“Curson,” Septimus asks, “why do you have to be wearing the brain? Won’t it be doing the navigating?”
“It will, but it requires some amount of energy to live. When not affixed to someone’s head, the brain enters a dormant state, using only enough power to notice interaction.”
“Like a remote control.”
“Yes. Without a source of proper energy, the brain would not be able to navigate. And as my life force draws from the infinite power of Ishiogo, I am a better candidate than either of you.”
“We have a lot of blood to lose,” Jaq says, then addresses Septimus. “Go buckle in, Sport. Or get smeared against the back wall.”
Septimus leaves, in search of a jump seat.
When they hit altitude, the brain’s muscles begin to contort. The tentacles ripple with strength, manipulating the inner workings of the plane. The beak snaps shut, and the scarring around the brain’s bullet wound pulls down, as if the thing is trying to grimace.
Gradually, the plane is cast in darkness. Looking through the window, Jaq can’t tell what it is - if the air’s gone dark, or if it’s a cloud, or a dust. The sun still permeates it, but the light is reduced to an orange blur behind a black screen.
“Curson, what is happening?”
Without looking, she grabs the microphone for the plane’s loudspeaker, and speaks into it: “Ladies and gentlemen, we are now at a cruising altitude and you can now wander the plane. Also the sky got real weird.”
A moment of quiet passes before Septimus appears in the doorway, the engines still groaning outside. “Something weird is happening,” he starts, but stops on seeing the darkness outside. He takes in the whole view afforded by the cockpit’s dome window, but nothing he can see is pleasant. “Back...there.”
“What are you seeing back there?” Jaq asks.
“Sort of. Um. Well, take a look.”
The Short Sunderland was a military plane in the second World War, but Jaq’s has been heavily modified since then. Formerly used for patrol bombing, this one got converted post-war to be used for transport, so most of the flying boat is open space straps and mounts on the walls. To an aviation fan, the interior would be just about unrecognizable, thanks to decades of improvements and modifications. The plane’s military history is kept by two gun turrets - one at the rear of the plane, one in a glass bubble at the nose.
Jaq steps into the largely-empty cargo hold, running her eyes over the room. The lighting here is dim, just enough to see your way - you really don’t need to be manipulating cargo while you’re in-flight. In this light, at first glance, nothing’s amiss.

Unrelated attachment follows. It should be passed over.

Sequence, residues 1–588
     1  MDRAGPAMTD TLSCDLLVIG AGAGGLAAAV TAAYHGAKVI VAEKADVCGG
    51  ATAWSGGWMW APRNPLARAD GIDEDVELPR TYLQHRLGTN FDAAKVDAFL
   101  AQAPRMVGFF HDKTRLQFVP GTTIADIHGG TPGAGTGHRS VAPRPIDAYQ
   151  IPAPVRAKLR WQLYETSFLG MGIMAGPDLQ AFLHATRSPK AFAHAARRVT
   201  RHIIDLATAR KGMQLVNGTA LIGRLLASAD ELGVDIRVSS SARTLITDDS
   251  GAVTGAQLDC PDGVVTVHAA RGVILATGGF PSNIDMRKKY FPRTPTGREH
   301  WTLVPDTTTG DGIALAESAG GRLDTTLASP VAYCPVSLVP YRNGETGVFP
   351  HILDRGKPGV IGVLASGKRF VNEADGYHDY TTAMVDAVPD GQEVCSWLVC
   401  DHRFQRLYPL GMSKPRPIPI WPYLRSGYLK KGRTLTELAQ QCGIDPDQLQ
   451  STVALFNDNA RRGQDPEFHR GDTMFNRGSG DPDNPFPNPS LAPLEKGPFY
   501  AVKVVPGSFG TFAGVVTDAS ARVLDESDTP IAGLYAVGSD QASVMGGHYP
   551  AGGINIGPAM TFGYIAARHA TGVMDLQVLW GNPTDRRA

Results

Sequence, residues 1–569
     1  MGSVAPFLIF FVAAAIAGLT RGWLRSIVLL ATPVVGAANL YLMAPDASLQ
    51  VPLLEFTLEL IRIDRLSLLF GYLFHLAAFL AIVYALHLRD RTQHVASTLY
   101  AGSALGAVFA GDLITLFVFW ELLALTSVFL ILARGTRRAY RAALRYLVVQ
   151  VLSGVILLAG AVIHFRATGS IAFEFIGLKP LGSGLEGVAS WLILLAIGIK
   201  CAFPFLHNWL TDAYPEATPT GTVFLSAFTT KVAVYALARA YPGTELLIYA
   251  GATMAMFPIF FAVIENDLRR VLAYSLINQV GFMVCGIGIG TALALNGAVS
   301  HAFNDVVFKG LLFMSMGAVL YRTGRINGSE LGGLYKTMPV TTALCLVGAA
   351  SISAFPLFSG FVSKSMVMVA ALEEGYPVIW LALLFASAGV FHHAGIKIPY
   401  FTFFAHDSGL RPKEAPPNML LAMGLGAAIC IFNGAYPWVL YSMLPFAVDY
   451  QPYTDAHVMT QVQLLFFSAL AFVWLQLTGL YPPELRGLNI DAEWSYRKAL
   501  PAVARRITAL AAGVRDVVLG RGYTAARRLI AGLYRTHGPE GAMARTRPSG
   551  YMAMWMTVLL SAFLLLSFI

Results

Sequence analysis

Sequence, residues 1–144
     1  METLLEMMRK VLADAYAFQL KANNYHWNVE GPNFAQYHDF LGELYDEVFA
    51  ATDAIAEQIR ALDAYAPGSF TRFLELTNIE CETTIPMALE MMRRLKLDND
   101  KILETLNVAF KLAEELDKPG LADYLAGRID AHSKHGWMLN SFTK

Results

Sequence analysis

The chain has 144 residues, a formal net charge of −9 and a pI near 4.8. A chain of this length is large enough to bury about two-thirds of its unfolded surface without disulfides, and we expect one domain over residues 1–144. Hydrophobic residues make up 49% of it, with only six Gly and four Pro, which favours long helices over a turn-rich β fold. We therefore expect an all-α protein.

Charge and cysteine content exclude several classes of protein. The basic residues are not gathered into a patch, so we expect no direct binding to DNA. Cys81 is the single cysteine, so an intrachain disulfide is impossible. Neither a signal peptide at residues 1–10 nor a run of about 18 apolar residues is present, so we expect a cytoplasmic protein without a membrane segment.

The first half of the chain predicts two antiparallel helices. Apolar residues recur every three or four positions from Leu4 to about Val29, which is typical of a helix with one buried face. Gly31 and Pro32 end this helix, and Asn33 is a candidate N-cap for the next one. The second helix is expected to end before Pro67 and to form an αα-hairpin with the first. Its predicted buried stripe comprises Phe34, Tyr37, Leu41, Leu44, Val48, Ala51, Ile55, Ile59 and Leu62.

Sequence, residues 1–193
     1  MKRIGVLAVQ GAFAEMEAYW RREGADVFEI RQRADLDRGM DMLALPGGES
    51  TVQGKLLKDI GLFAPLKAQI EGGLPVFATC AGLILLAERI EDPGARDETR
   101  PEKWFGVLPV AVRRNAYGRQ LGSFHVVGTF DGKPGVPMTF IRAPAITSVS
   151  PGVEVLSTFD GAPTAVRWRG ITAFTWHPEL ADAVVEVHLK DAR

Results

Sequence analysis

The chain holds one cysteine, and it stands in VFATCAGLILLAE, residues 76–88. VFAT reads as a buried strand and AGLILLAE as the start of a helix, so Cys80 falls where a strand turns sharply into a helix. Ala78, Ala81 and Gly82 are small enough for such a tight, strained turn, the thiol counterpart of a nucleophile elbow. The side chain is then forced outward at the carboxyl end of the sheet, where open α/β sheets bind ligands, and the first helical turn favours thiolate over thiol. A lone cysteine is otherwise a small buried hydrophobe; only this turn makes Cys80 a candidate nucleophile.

Then a bright streak of powder-blue light, like a silent crackle of electricity, arcs along the wall to her right. She shields her eyes from the sudden light, but the thing is gone as quickly as it formed.
After a moment, a second one appears, immediately to Jaq’s left. This one was flying free in the air, not anchored on any piece of the aircraft.
When a third flash ripples through the room, Jaq returns to the cockpit.
“Alright, yeah, that’s weird.”
“Told you,” Septimus says, from Jaq’s seat.
“Outta my chair, sport.”
“I’m fast, not strong. Get up or I’ll put a bullet through your toe.”
“Jeez,” Septimus says, climbing out of the cramped cockpit.
Jaq starts to respond, sitting in her chair, but Curson’s voice cuts through their discussion.
“We appear to be utilizing infernal magic to fold the veil.”
“I don’t know what that means,” Septimus says.
Curson doesn’t answer, so Jaq takes it upon herself. “Imagine you’re a tiny dot on a piece of paper, but you need to get to the same spot on the other side of the paper. Gotta go all the way around, right?”
“I’ll take your word for it.”
“Well, we’re skipping the step where we go around, by just punching a hole in the paper. The veil is the paper. I’m sure there’s some kind of astro-mechanics or whatever crap behind it, but whatever. You get it.”
Septimus doesn’t say anything, trying to process the illustration.
Outside, streaks of blue light, like the ones in the cockpit, appear in the air.
“Granted, I’ve only done it once before,” Jaq says, watching the streaks. “We could explode at any minute. Or turn into a bowl of flowers. Curson, do you have any idea where we’ll come out?” Jaq folds her legs in her chair, dropping her hands to her lap, watching the nothing outside.
“Wait,” Septimus says, looking at Curson. “Say something. Anything. Jaq, watch.”
“What do you want me to say?”
Jaq turns to look, and sees what Septimus sees: the beak on the brain-helmet is miming Curson’s speech. No sound comes out, but the thing is trying to speak at the same time Curson does.
“Curson, buddy, how’s the brain feeling?”
“It is difficult to describe. It is like modifying music without knowing anything about sound. Change the pitch, and tones, and even manipulate the notes and instruments used to produce them. You still don’t know the words, but you are slowly learning how the thing works, regardless.”
“Lot of metaphors happening today,” Septimus says.
“However,” Curson says, “I appear to be gaining some dexterity in manipulating the thing. Perhaps we are reaching a symbiosis.”
“Exactly what we need. Wait, Curson. How did you say we’re doing this? Piercing the veil?”
“It seems we are utilizing infernal energy.”
“Infernal, like, Hell?”
“Yes. Whoever is behind the energy of these brains has at least some connection to the kingdoms of Hell.”
“So the likelihood of me and Sep here getting out of all this alive is?”
“To be determined.”